I live in a land-locked city, so 'local' fish isn't something I get to enjoy regularly really, probably why I jumped at the chance to cook these little beauties when I found them on our doorstep in Cornwall.

The mackerel is rich and meaty on its own and is delicious when pan fried in a little foaming butter, but it does need something to cut through and lift that richness, which is where the salsa comes in, and eating them together on crispy bruscetta provides some needed crunchy texture.

A bit of a mixture between salsa verde - with fresh vinegary anchovies, and black olive tapenade, with salty, buttery black kalamata olives - was just what was needed. Perfect dish for a light supper or weekend lunch.

Quick and simple to do, tasty, fresh and seasonal, all good!

For two:
2 fresh mackerel fillets each, skin scored lightly (to stop them curling up during cooking)
12 cherry tomatoes (I like ones off the vine) chopped up
100g fresh anchovy fillets, coarsely chopped up (you'll find these in countless independents, the deli counter in Sainsburys and the pre packed tapas section there too)
100g black kalamata olives, stones removed and the olive meat chopped up
Quarter of a red onion, finely chopped
Juice of one lemon
A small bunch of flat leaf parsley, finely chopped
50mls extra virgin olive oil
A couple of handfuls of fresh rocket
Ciabatta / bread for toasting - one slice for each fillet, so four in total
Sea salt and black pepper

- Combine all the ingredients in a bowl (apart from the mackerel) and leave the flavours to mingle for about 30 minutes before you cook the mackerel
- Heat some butter in a frying pan until it begins to foam (med-high heat)
- Salt the skin of the mackerel fillets just before putting them skin side down in the pan
- Turn after around 2 minutes - the skin should be crispy and golden around the edges, and after they've been cooking for around a minute, turn the pan off and they'll continue to cook in the residual heat
- Griddle / toast your sliced ciabatta on both sides, add a handful of rocket, a couple of tablespoons of salsa, and top with the mackerel, skin side up

Variations and ideas:
Chilli lovers might like a generous shot of tabasco in the salsa mix for a little kick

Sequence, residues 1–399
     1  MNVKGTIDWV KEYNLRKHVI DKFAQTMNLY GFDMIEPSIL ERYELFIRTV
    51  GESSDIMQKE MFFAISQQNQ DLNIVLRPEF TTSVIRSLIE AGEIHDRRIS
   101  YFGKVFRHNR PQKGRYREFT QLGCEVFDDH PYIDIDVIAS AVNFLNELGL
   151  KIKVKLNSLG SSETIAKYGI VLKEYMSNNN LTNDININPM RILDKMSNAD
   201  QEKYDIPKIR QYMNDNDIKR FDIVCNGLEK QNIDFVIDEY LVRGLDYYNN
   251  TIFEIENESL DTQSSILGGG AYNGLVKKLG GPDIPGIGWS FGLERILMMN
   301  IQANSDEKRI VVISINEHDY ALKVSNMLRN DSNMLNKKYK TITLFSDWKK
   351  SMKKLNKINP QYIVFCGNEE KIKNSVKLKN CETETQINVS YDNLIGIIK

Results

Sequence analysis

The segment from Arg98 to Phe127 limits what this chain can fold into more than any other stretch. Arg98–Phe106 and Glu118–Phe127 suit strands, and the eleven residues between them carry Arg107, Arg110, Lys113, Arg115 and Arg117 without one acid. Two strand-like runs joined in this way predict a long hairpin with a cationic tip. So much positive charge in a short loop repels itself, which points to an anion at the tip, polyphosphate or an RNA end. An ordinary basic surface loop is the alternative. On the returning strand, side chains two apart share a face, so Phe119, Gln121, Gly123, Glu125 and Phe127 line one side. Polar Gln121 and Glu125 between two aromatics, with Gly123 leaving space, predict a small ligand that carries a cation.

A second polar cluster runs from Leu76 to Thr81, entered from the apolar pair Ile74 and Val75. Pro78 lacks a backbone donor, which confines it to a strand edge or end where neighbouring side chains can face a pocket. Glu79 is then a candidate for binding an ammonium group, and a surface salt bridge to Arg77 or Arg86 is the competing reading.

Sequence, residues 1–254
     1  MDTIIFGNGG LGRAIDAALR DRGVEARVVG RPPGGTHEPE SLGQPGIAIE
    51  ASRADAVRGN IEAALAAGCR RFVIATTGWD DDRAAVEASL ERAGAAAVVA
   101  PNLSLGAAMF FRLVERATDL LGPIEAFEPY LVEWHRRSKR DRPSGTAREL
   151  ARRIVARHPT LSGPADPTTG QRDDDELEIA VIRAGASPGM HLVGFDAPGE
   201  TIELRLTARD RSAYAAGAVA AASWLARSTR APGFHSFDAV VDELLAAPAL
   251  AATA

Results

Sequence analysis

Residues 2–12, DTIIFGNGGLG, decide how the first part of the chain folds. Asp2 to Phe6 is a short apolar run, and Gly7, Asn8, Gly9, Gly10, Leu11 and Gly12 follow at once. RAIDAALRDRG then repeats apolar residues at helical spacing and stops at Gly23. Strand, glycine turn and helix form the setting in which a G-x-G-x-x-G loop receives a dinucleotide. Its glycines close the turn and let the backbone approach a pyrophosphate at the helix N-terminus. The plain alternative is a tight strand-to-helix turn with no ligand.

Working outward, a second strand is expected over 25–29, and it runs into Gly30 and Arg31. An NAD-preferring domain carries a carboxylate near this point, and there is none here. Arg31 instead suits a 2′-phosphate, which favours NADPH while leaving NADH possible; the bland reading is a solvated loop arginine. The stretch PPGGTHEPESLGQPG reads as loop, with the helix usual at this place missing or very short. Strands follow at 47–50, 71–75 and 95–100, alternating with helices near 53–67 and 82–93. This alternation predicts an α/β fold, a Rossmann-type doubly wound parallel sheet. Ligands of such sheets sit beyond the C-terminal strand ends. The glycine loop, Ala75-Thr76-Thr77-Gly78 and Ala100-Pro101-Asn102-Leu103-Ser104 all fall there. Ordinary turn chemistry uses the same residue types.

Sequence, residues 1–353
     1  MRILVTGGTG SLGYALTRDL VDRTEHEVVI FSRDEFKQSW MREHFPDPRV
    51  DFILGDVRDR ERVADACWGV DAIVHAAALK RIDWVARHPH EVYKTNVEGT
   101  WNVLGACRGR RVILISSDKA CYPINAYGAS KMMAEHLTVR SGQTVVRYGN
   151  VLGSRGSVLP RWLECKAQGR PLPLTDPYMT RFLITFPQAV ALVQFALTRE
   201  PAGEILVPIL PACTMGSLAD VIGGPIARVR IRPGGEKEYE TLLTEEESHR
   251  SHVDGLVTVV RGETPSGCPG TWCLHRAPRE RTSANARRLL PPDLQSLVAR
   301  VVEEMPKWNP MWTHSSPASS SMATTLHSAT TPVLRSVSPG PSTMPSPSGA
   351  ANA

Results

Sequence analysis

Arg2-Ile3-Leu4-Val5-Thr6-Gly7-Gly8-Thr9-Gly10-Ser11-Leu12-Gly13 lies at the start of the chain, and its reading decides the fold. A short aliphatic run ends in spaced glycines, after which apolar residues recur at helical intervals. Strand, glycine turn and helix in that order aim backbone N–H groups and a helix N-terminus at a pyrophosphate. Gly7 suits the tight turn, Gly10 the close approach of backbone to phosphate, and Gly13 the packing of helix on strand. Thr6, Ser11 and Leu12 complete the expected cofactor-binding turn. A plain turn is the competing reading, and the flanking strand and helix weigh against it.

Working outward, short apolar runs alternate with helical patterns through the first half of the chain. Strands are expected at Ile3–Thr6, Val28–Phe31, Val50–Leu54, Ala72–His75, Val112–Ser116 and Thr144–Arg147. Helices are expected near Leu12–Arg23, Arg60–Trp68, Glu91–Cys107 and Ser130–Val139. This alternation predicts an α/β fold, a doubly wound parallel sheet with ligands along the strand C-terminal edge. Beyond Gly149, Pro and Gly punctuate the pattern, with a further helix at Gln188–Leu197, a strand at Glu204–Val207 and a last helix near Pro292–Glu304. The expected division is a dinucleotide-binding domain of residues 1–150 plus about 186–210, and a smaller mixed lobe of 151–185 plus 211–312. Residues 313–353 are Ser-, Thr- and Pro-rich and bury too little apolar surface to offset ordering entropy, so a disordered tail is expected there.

Add a little oriental and add fresh chopped corriander to the salsa mix

Friday, 9 July 2010

Chicken with English mustard and broad beans

I had the idea for this while we were in Cornwall, think its my obsession with broad beans that led to it, perhaps that and my liking for spicy things - which includes large quantities of Coleman's English mustard (the only English mustard that makes me sneeze so much, and I do quite like sneezing).

Now, a slow cook style dish isn't normally a summer time dish, but the sauce in this one is light and the dish goes very well with a side salad so it's a good one for this time of year, and the slow cooker was used only really for convenience while I was at work.
Alternatively, you could use pan fried chicken breast, make the sauce separately in a pan and serve it over the top of the chicken, but I especially like the tastiness and tenderness of the slow cooked chicken thighs - plus their bones add something extra to the sauce of course.

Don't forget, shelling broad beans is a right pain in the backside, make sure you leave enough time to do it ahead of when you need them.
For two:
Four chicken thighs, skin on, bones in
250g shelled broad beans (I boil in water for a few minutes, then drain and cool with cold water so they're cool enough to handle)
6 peeled shallots
2 heaped tablespoons English mustard
1 heaped tablespoon soft brown sugar
500mls white wine (dry or medium is fine, something with body really)
250mls water
50g butter
Groundnut or vegetable oil for frying
A small handful of fresh tarragon, finely chopped
Salt and black pepper
Side salad with a sharp vinaigrette to serve

- Put a frying pan on to a medium to high heat and add some cooking oil
- Season the chicken thigh skin with salt and pepper, and add to the pan skin side down, along with the shallots
- Cook for around 6 minutes, turning just once - you're looking for the chicken and shallot skin to colour a rich golden brown, which will add lots of great flavour to the sauce
- Transfer the chicken and shallots to the slow cooker pot
- Add the wine to the frying pan to deglaze, then stir in the mustard and brown sugar
- Add the wine mixture to the cooker pot
- Add some more salt and black pepper, and the water and turn on a low setting for around 5-6 hours
- You're looking for the chicken to become really tender but not to fall apart off the bone or for the skin to fall off
- When it's ready, remove the chicken carefully and strain the sauce through a sieve back into a pan that's on a low heat - discard the shallots at this point
- Add the broad beans to the sauce along with the tarragon, taste for seasoning, you might want a bit of lemon to cut through, some more salt or even a dash more sugar, just see what your taste buds feel it needs